Summary. After the incredibly dry summer of 2004, which turned faces like that of North Twin into rockfall-strafed nightmares and peaks like Mt. Alberta into overgrown scrambles, the summer of 2005 turned out to be one of the wettest on record. The big peaks never cleaned up, curtailing serious alpine activity. The wet calendar summer was followed by a beautiful Indian summer in October and into November. Unfortunately the fall dried off much of the summer moisture, resulting in an above average, but not exceptional, 2005-06 ice season. Nonetheless, climbers took advantage of fine early-season ice and alpine conditions. Classic “hard” routes like the Andromeda Strain (700m, V M6) in the Columbia Icefields and The Drip at the Centre of the Universe (400m, WI5+) in Kananaskis Country were both climbed during this time. In a solo effort, J. Mills contributed The Brink (450m, IV WI3 5.8): the route follows a couloir on the northeast face of an unnamed summit in the front ranges southwest of Nordegg. Two interesting mini-alpine routes went up on the north face of the unassuming-looking Wedge in Kananaskis Country. Klatu Verata N… (200m, M6), by Robert Rogoz and Raphael Slawinski, was a warm-up for The Maul (300m, M7), by Will Gadd and Slawinski. The second route especially offered high-quality naturally protected thin ice and mixed climbing up a compelling line.
The east face of the East End of Rundle, affectionately known as EEOR, is visible from every bar in Canmore. For this reason the obvious line which most seasons tries to form between the rock routes Balzac and Dropout had been sieged, aided, rapelled into, just about everything but actually climbed. Last November Dana Ruddy and Eamonn Walsh finally remedied this state of affairs by climbing Balzout Direct (500m, M6 A0 WI5) from bottom to top in a long day. They did, however, French-free their way up the bolt ladder leading to a hanging dagger. In January Slawinski and Ian Welsted repeated the route, freeing the bolt ladder onsight, at give-or-take hard M8. For those with eyes to see, another dribble of ice lurked a few hundred meters to the left, in the huge corner left of the Guides’ Route. In February Ben Firth, Slawinski, and Walsh climbed some ten pitches of moderate snowed-up rock, followed by five increasingly difficult ice and mixed pitches to put up The Great White Fright (500m, M6), so named for the massive cornice overhanging the route. Although technically easier than Balzout Direct, the route proved quite adventurous, the crux pitch featuring climbing up to a hanging dagger, with shaky pins for protection.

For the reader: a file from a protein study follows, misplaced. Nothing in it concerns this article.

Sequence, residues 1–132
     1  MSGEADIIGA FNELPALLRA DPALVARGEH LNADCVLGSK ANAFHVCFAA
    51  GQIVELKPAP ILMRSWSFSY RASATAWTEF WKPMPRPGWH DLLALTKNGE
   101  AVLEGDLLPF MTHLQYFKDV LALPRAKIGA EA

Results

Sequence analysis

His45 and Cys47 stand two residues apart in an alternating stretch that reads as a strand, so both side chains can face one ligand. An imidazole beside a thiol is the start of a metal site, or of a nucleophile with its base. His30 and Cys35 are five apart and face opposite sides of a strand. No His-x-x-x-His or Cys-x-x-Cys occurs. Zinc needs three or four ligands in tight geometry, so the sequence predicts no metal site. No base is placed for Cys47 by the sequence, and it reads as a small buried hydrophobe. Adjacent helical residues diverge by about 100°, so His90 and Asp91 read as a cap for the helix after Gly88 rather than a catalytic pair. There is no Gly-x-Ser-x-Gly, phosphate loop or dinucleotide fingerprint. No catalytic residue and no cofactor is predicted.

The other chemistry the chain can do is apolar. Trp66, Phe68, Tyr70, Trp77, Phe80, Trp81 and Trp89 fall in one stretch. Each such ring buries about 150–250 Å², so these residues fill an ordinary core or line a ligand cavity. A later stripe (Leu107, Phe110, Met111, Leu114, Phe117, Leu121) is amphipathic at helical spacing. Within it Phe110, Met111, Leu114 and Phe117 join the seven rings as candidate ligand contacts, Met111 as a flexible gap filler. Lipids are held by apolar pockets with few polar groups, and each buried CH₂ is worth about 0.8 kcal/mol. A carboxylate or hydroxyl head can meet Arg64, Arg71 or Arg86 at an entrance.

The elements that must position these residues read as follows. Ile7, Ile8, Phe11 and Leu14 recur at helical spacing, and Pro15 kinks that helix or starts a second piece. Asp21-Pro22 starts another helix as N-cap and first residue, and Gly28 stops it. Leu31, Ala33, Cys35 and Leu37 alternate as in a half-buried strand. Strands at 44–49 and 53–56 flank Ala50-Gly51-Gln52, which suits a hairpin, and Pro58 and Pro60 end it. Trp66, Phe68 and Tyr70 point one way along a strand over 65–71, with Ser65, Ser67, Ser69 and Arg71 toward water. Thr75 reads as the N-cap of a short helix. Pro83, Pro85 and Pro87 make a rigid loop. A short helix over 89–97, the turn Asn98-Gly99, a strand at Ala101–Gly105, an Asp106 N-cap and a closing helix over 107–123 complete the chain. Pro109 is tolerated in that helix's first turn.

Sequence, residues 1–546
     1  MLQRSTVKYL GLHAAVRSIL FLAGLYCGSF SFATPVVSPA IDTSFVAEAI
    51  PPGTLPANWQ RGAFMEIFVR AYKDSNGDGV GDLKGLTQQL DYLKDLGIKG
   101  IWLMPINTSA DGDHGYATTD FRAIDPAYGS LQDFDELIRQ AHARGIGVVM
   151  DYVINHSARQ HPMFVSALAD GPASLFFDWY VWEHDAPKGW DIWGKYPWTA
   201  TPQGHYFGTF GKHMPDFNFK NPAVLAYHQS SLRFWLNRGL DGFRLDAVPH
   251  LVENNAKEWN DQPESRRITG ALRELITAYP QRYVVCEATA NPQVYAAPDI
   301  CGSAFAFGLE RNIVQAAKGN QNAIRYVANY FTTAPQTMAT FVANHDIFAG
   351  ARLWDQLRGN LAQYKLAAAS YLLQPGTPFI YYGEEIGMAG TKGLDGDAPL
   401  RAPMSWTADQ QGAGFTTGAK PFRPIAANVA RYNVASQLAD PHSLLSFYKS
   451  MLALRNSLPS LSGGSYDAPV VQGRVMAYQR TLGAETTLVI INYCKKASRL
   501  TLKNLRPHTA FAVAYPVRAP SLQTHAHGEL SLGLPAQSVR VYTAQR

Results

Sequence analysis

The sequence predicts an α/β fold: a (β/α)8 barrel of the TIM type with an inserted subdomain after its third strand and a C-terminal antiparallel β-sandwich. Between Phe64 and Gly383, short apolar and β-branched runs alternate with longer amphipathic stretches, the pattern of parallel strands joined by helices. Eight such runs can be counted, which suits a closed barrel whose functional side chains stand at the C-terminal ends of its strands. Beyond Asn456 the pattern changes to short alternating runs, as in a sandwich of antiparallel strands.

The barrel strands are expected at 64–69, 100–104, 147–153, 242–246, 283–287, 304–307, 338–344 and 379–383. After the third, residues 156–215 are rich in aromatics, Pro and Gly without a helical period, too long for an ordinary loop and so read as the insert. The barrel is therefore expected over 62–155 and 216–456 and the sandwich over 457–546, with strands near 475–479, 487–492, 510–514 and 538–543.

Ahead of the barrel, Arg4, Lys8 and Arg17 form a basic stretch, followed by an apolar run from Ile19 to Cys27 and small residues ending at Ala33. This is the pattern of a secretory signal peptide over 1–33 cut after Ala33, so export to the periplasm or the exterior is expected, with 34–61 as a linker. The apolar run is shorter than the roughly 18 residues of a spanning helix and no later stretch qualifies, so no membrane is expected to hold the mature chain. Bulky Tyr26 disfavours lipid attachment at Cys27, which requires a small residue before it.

On the pure-ice front, in early December Rich Marshall and Jon Walsh were rewarded for their patience when a line they had been eying for several years finally formed to the ground (well, almost). Situated up the Blaeberry River drainage west of Golden, Blaeberry Express (220m, M6 WI6) was one of the most aesthetic new routes of the season and quickly received several repeat ascents. The Elk Lakes area, just across the Divide into British Columbia from the Kananaskis Lakes, likely saw more activity this past season than in all other seasons combined. While this might be an exaggeration, the area did prove popular, with most attention centering on EM F (140m, WI4). Originally climbed with a short section of aid to an unformed dagger, the route this past season formed as a beautiful pure ice route. Two new routes also went up, the ephemeral Nightmare Before Christmas (150m, WI6), by Slawinski and Walsh, and Elk Horn (70m, WI5-), by Janes Ales and Donald Otten.